A Q&A with veteran homeschooler Meghan Wotring

Meghan Wotring, a 27-year resident of Alaska, living in Eagle River and running a small natural wellness business, has homeschooled her two daughters (currently in second and fourth grade) since 2016. Here, she shares some of her homeschooling experiences and tips to help other parents navigate this strange new world.

Q: Why did you start homeschooling?

I decided to try homeschooling because my husband asked me to. Funny story is, I was actually homeschooled all through grade school. I came out of that experience thinking I would never homeschool my children. My husband went to public school all through grade school and came out of that experience thinking he would never send his kids to public school.

When it came time to decide what to do for our oldest daughter, he told me that his wishes for our children is that they be homeschooled. But, since I would be doing the majority of the work, he understood if I didn’t want to, but asked that I seriously consider it.

When I did the research, everyone I talked to recommended Raven Homeschool. I scheduled an interview with them and realized that homeschooling today is a completely different game than when I was in grade school. Much to my surprise, it didn’t take long for me to fall in love with it, as it fits our family so perfectly.

Q: What do you like best about homeschooling?

Hands down it’s the flexibility. That is THE key word for everything homeschooling. Homeschooling allows for flexibility in every aspect of your life. Each family can build their own schedule. They can schedule time off when it fits their needs, purchase the curriculum that fits their child’s learning style and their teaching style. They can schedule their school days for any day of the week and schedule their schoolwork time for any time of the day. If your child needs more time on one subject and less time on another you have the option to make that happen, catering the education to each child’s individual needs.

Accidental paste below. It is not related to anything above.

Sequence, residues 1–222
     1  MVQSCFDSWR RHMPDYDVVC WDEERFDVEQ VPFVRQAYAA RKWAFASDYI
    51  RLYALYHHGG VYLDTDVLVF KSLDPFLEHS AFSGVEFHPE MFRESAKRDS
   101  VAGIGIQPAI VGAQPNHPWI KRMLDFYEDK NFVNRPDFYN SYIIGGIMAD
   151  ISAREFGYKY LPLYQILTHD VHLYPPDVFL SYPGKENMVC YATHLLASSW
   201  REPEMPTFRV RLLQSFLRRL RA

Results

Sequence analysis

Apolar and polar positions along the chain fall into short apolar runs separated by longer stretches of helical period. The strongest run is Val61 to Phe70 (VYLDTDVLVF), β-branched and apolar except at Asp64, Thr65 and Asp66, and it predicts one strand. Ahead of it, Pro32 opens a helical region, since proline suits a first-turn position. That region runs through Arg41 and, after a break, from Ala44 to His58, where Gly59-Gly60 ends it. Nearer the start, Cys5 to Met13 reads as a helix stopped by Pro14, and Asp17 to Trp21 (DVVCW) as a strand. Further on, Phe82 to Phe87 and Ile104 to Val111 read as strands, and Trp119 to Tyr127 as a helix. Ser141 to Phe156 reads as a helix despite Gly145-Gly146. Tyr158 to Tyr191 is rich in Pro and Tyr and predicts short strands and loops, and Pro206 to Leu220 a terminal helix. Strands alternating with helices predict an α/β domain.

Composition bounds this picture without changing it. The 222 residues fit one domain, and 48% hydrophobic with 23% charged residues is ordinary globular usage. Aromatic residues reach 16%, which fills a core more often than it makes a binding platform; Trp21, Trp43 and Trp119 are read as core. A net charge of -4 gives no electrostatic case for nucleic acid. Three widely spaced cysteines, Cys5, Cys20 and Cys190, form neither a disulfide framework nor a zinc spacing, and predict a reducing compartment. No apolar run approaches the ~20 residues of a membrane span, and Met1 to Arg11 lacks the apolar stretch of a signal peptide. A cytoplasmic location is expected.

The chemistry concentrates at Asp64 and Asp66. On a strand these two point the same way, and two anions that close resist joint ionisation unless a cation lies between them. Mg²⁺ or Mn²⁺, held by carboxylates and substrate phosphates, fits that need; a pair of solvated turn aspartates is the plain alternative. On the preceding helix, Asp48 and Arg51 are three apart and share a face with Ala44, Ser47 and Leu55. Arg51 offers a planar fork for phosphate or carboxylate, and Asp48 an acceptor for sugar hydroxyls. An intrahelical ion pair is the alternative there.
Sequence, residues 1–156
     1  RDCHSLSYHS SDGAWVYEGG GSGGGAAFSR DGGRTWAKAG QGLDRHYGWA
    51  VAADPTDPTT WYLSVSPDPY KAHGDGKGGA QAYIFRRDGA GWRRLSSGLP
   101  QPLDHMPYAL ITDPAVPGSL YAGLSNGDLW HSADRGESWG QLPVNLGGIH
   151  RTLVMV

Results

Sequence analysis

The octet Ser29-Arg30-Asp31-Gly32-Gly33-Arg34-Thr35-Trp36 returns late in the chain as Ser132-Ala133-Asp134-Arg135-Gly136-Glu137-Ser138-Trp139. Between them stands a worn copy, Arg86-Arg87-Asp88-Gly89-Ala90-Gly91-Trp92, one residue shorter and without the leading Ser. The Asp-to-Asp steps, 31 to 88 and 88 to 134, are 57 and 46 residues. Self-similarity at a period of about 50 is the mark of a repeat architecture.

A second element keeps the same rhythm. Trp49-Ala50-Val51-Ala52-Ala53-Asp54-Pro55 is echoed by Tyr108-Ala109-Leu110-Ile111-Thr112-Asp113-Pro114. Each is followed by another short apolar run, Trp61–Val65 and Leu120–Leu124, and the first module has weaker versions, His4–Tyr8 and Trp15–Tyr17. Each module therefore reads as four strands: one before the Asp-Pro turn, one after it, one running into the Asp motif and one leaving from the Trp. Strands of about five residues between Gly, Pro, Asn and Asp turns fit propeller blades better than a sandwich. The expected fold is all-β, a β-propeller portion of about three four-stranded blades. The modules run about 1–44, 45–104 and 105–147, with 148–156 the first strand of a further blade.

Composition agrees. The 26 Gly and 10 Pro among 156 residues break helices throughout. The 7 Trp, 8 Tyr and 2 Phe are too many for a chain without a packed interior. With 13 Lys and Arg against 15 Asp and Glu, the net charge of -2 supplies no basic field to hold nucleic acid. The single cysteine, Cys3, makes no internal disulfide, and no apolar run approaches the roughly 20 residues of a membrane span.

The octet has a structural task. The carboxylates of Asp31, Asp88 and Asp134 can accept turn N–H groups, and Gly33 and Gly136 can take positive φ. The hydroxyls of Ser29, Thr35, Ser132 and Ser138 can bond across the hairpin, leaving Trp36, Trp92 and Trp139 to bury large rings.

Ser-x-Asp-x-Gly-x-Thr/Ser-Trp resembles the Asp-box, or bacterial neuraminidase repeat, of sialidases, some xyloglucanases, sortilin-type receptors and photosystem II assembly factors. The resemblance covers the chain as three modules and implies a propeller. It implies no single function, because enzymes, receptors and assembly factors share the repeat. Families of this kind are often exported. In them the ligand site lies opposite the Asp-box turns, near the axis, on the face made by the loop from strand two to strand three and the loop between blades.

One of my favorite things is that we choose to school year-round. This allows us to maintain a more relaxed daily schedule, and to take time off whenever we need and want throughout the year.

It also allows us to schedule what I call “travel school” trips in January and February every year. I have the idea that we will study U.S. History throughout the girls’ grade school years by visiting each individual state and studying it in person. We’ve already done this with Oregon, California, Oklahoma, Louisiana, North Carolina and South Carolina. We have hopes for another trip this winter, but we’ll have to wait and see how things go. There are so many options for how one can customize their homeschooling experience!

Q: How have you seen homeschooling change?

In Alaska, we are so lucky to have such freedom for how we choose to homeschool. You can choose to do so independently or choose to enroll with one of the many homeschool charters. With the charters comes a great deal of flexibility. Many allow dual enrollment, and they all offer some sort of allotment to help cover cost of curriculum and supplies. Some offer support via classes, clubs, and field trips, and they all provide Advisory Teachers who will help guide the parent with curriculum choices, questions, and help ensure your child is on track with their education.

Homeschooling has become more mainstream which has brought with it so many more opportunities for socialization, classes, and field trips, and more support overall. It’s no longer an obscure education option reserved for only the extremely passionate. It’s so customizable to each family and student. It is now, theoretically, possible for anyone with any background or lifestyle to homeschool.

Q: What have you learned during your homeschooling experience about being a better teacher and a better mom?

It’s so easy for us as parents, homeschooling or not, to have our plans and our ideas about how things should be and how the days should go. Homeschooling has challenged me on that and taught me to slow down, take stock of where my children are emotionally, and focus on those needs as well as their educational needs. I have learned and still am learning how to provide for the whole child.

Q: Due to COVID-19 and experiences with virtual learning, more parents are considering homeschooling this year. What would be your advice to new homeschoolers?